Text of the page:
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Prime Minister Justin Trudeau sharply criticized the Conservative Party’s policy on Ukraine today, suggesting the Official Opposition is siding with a global trend in favour of right-wing populism.

“The real story is the rise of a right wing, American MAGA-influenced thinking that has made Canadian conservatives who used to be among the strongest defenders of Ukraine, I’ll admit it, turn their backs on something Ukraine needs in its hour of need,” Trudeau told a news conference in St. John’s where he was meeting with European Union leaders.

MAGA refers to the “Make America Great Again” slogan of former U.S. president Donald Trump.

Trudeau was responding to a question about the Conservatives voting against a free-trade deal between Canada and the Ukraine, citing concerns that the deal supports carbon pricing which is at odds with their policies.

The Conservative Party voted en masse Tuesday against the enabling legislation for a revised Canada-Ukraine free-trade agreement and Poilievre explained that his MPs could not support a deal that imposes a “carbon tax” on Ukraine.

However, Ukraine’s embassy in Canada says the upgraded free-trade agreement between Ottawa and Kyiv does not contain “taxation instruments” to reduce carbon emissions. Senior Parliamentary reporter Steven Chase reports here on the dispute.

Canada also announced another $60-million contribution of military aid for Ukraine today, including nine million rounds of ammunition and around 11,000 firearms, The Canadian Press reports. That’s part of a $500-million package of aid that was announced during the summer.

Canada has committed more than $2.4-billion in military assistance to Ukraine since Russia’s full-scale invasion of the country began in February 2022.

On another note, Trudeau said this week’s deal in the Israel-Hamas war to temporarily halt hostilities so some hostages can be released is a sign of progress.

This is the daily Politics Briefing newsletter, written by Ian Bailey. It is available exclusively to our digital subscribers. If you're reading this on the web, subscribers can sign up for the Politics newsletter and more than 20 others on our newsletter signup page. Have any feedback? Let us know what you think.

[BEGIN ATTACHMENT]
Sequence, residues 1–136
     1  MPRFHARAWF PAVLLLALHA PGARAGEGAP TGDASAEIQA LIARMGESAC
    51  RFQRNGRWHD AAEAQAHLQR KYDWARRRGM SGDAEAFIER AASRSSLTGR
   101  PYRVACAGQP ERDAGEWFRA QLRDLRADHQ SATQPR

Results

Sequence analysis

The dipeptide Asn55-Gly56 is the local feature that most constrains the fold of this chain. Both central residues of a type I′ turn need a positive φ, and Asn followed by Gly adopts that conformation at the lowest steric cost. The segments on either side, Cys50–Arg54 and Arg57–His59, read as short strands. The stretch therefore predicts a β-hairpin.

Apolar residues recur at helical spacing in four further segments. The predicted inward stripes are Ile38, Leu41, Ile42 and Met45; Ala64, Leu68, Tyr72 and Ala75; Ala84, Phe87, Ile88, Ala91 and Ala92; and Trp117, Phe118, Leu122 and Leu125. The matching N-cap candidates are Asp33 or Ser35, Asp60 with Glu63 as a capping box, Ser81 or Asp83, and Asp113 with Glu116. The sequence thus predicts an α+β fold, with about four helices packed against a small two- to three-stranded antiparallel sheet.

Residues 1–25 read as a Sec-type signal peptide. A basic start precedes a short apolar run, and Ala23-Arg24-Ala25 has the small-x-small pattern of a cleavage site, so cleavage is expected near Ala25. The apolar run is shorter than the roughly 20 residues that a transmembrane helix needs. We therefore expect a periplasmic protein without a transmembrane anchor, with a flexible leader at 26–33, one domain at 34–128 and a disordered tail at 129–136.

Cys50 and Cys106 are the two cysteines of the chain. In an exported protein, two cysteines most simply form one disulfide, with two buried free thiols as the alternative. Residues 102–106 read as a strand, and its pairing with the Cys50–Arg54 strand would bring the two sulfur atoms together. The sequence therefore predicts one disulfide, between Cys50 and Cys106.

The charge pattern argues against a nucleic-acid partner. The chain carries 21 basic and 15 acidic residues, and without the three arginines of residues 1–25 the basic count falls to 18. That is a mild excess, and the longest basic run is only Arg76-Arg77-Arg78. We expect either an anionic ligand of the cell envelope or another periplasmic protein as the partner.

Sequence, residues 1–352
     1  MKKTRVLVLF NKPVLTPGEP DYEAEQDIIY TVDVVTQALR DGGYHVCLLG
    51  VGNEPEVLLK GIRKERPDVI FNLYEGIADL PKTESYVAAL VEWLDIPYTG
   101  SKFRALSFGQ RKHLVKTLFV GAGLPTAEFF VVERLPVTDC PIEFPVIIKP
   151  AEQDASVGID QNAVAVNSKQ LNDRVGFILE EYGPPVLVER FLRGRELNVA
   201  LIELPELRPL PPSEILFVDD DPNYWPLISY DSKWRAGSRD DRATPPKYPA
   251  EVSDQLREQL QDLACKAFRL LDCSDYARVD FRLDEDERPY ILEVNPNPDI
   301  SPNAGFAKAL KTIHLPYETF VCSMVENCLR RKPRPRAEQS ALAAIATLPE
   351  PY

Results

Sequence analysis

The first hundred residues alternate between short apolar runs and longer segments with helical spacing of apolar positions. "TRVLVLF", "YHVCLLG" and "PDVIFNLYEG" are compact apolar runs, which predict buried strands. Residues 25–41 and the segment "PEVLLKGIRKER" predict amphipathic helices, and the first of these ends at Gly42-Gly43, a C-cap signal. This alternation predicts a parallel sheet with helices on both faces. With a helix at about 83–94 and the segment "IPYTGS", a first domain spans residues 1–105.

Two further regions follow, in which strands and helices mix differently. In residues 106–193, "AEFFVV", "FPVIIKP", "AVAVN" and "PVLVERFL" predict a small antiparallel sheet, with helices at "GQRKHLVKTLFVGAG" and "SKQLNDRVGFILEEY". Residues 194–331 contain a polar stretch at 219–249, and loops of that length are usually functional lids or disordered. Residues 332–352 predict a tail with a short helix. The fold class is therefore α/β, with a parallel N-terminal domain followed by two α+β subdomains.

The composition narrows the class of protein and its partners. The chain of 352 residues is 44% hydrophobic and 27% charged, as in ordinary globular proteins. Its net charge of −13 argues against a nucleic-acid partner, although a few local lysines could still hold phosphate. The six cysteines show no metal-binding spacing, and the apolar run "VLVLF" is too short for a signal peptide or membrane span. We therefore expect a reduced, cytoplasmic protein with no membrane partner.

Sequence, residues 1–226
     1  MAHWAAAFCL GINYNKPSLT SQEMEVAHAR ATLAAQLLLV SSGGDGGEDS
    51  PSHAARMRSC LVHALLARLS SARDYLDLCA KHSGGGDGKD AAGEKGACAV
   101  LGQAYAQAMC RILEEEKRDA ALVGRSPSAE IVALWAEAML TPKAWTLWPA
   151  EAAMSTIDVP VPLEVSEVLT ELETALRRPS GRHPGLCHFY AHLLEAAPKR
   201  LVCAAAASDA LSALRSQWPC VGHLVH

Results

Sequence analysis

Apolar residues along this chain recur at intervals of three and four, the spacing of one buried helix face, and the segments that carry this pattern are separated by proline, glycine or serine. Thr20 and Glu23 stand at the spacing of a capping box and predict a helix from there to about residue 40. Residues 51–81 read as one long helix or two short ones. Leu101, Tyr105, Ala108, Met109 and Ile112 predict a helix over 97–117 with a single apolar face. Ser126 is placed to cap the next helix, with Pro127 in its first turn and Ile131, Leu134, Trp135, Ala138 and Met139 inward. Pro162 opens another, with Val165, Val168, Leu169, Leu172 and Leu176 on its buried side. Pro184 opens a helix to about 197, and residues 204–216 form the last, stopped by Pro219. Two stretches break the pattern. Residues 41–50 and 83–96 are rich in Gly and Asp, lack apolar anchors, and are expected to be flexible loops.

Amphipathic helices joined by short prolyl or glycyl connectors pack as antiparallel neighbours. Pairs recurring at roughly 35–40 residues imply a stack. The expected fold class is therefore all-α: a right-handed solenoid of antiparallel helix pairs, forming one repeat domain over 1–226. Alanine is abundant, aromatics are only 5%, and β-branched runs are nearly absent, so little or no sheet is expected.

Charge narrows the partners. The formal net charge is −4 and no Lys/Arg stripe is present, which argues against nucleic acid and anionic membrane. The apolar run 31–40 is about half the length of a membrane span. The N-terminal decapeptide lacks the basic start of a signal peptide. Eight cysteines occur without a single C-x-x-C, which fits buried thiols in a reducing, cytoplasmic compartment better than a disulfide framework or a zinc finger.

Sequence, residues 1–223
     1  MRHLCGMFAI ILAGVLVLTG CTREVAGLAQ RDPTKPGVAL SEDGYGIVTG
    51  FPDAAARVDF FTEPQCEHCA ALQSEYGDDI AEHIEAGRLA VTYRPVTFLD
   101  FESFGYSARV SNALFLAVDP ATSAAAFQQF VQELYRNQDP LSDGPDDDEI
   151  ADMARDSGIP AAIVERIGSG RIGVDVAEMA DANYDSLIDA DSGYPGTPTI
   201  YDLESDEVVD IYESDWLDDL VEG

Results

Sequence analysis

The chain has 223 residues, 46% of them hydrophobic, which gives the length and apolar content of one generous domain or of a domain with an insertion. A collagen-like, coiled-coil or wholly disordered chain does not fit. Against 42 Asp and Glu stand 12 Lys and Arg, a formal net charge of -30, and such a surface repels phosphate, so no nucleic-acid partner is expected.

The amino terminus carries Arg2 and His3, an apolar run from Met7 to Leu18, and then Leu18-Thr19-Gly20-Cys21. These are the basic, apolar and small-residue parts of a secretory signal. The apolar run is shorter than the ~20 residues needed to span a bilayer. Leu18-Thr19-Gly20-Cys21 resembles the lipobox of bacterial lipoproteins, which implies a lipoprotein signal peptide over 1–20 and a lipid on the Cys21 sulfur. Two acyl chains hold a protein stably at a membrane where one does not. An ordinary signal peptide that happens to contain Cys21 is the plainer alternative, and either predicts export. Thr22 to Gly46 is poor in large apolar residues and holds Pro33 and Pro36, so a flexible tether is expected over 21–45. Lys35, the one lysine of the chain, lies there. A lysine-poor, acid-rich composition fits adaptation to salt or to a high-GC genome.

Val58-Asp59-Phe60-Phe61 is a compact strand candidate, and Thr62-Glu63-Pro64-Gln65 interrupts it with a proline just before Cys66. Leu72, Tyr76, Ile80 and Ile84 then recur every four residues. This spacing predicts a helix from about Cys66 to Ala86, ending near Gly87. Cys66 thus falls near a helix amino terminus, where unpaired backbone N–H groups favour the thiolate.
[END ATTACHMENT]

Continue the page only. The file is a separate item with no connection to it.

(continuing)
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Tory Senate Leader Don Plett makes tearful apology for yelling at female senators - Choking back tears, Plett said he “never intended to cause harm or discomfort” when he approached senators Bernadette Clement and Raymonde Saint-Germain and shouted at them on Nov. 9 after moves to adjourn a debate on a bill that the Conservatives supported.

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Victims in Rainbow Bridge border crash identified as New York couple - The Niagara Falls Police Department named the couple as Kurt P. Villani and Monica Villani, both 53, of Grand Island, a leafy Buffalo suburb close to the falls.

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Staff changes in PMO - Prime Minister Justin Trudeau is getting a new communications executive. Max Valiquette will be joining Trudeau’s office in early December as executive director of communications. Valiquette, who has had a 25-year plus career in communications and marketing, is joining the office to oversee the communications, digital, research, and advertising teams. He previously worked on Trudeau’s 2015 election campaign.